Last Updated on September 16, 2020
Certain herbs have a lot to offer the digestive system.
When you are taking a herbal medication, I don’t suggesting you take a mix of ten to fifteen herbs. My favorite herbal teacher said to me, “It’s best to understand the essence of the herb, or the signature of the herb.” You’ll only do that by taking that herb on its own for a while to get a feel for it and understand it’s impact on your health.
Here are five herbs that can be of benefit to the digestive system:
1. Dandelion (taraxacum officinale). Dandelion has leaves with a jagged edge and one big yellow flower. This plant is fantastic for liver cleansing. It’s a cholagogue, meaning that it helps clean the liver out the stimulates the flow of bile. This herb is good for a sluggish bowel and for people who are mild drinkers. Thankfully, this plant won’t leave you feeling queasy. This plant is a mild enough remedy that it’s a good starting point if you have a very sick liver. Second-year dandelion roots can be used to make a coffee-like beverage. The roots can also be steamed like carrots. Dandelion leaves are high in vitamins K and C. Just make sure you don’t eat dandelion leaves that have been sprayed with chemicals. The leaves of dandelion have a diuretic effect, which can be beneficial if you have high blood pressure.
2. Ginger (zingiberaceae officinale). Ginger is fantastic when it comes to the gut, particularly the stomach. It can help with conditions like dyspepsia, nausea, Helicobacter pylori, motion sickness, and morning sickness. I’ve seen ginger used with success for abdominal spasms, bloating, gas, and incarcerated flatulence. Ginger is a stimulant that is also very good for the circulation. You can use ginger to soothe bad bruising if the skin’s not broken. Ginger is also a sialogogue, meaning it triggers the production of saliva and helps with dry mouth. It’s also a calminitive, meaning that it calms the gut. Ginger is warming and helps to loosen things up in the gut. It helps you sweat, but I’ve also seen it help reduce a fever.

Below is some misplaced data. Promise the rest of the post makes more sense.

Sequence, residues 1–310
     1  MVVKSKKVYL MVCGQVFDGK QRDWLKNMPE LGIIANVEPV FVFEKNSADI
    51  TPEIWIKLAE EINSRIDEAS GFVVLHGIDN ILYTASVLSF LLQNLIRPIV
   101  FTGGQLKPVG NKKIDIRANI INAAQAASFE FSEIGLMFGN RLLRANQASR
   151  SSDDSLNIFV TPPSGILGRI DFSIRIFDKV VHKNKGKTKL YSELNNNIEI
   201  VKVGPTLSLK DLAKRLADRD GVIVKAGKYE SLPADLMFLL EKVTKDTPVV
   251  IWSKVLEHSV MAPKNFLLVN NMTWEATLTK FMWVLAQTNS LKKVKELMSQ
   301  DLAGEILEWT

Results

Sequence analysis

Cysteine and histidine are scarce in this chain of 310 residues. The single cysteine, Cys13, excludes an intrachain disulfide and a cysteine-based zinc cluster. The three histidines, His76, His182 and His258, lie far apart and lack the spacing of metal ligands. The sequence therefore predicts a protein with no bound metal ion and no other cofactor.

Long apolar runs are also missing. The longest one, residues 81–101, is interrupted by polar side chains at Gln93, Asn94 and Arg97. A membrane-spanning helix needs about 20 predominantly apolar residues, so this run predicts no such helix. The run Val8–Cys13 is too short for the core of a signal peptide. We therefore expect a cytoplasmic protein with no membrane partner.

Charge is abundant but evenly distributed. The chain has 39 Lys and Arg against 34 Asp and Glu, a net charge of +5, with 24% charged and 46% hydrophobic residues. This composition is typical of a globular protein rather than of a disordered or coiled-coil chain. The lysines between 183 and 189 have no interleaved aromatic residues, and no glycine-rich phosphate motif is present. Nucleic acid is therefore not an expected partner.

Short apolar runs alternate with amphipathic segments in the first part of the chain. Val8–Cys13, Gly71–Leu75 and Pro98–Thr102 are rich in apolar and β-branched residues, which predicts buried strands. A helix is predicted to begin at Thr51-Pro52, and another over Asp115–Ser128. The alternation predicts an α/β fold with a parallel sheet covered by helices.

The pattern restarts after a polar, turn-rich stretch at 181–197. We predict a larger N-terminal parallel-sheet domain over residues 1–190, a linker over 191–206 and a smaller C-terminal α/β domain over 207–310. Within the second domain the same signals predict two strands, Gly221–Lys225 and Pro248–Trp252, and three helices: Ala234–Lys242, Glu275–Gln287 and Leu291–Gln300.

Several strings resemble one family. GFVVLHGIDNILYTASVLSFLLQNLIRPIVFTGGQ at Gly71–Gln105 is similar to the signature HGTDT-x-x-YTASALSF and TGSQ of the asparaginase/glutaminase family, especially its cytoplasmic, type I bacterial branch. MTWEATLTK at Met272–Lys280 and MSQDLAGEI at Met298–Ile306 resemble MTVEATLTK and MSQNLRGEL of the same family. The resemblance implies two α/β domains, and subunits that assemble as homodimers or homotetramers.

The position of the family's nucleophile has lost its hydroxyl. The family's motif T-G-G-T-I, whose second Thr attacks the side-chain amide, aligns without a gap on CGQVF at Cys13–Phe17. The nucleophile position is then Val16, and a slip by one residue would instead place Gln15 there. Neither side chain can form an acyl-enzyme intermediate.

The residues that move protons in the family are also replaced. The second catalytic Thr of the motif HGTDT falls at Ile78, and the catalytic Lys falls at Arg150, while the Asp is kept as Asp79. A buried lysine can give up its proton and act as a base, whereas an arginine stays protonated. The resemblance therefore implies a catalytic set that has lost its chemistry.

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3. Clove artichoke (Cynara scolymus): Clove artichoke is beautiful to eat and very good for liver function. It stimulates bile flow and cleanses the liver. Clove artichoke is one of my favorite herbs to use for a sluggish bowel. It’s also been used for gallstones, biliary disease, liver impairment, and chronic constipation. Traditionally it was used for jaundice in young people. By stimulating bile, colonic function is improved, which reduces the risk of bacterial and yeast problems in the gut.
4. Slippery elm bark (Ulmus fulva): Slippery elms are quite a tall tree, and it’s the pink inner bark that’s of interest. Slippery elm bark is the best demulcent herb for internal and external use. Demulcent means it’s soothing. Slippery elm soothes the elementary mucosas throughout the entire digestive tract. This herb is particularly good for infants up to about two or three years of age. I recommend slippery elm for ulcers and other conditions that trigger burning in the gut. It’s also good for bowel problems, whether that’s diarrhea, constipation, or irritable bowel syndrome. I’d also use it for GERD and Helicobacter. If you’re going to take slippery elm, make sure you get some with a pinky color but not overly red. The more pink the color, the higher the quality. A good test is to get a good pinch of the stuff and put it in water. Within a few minutes, it should turn into a jelly-like substance. That’s a good slippery elm powder. Externally, it’s nice to put on burns and cuts and abrasions. Slippery elm is also a fantastic prebiotic, particularly for bifidobacterium.
5. St. Mary’s thistle (Silybum marianum): This is probably one of the best liver herbs available. It’s hepato- restorative, it’s hepato-protective, and it’s a mild cholagogue. St. Mary’s thistle is one of the best herbs you can use for three to six weeks to facilitate a good detoxification. It’s an excellent treatment to use if you have a history of using a lot of pharmaceutical drugs like acetaminophen, ibuprofen, and other NSAIDs. A garlic and St. Mary’s thistle combination is particularly suitable for detoxifying the liver from the effects of drugs.